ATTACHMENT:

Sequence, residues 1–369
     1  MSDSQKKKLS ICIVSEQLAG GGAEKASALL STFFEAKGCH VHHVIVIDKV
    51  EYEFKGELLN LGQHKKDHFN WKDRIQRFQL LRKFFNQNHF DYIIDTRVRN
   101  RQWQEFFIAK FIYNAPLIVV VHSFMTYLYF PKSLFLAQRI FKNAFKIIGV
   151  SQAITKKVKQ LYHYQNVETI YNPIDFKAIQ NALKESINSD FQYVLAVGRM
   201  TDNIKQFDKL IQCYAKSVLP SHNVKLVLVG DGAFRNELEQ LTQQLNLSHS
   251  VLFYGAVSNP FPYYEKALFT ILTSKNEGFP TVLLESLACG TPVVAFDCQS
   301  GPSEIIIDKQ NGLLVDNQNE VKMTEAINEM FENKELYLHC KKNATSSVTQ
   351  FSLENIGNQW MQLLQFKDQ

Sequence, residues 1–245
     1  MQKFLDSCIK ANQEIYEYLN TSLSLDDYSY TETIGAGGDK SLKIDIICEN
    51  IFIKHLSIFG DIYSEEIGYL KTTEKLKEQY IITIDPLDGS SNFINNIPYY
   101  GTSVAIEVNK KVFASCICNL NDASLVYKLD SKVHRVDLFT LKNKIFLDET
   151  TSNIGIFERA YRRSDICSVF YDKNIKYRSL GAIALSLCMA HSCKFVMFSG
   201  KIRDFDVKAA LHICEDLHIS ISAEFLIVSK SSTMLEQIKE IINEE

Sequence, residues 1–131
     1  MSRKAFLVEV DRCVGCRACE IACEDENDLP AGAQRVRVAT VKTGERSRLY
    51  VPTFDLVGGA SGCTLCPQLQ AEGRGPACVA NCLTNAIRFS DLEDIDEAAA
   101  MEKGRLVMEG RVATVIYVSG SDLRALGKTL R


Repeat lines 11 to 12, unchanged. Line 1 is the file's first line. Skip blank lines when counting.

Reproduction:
     1  MQKFLDSCIK ANQEIYEYLN TSLSLDDYSY TETIGAGGDK SLKIDIICEN
    51  IFIKHLSIFG DIYSEEIGYL KTTEKLKEQY IITIDPLDGS SNFINNIPYY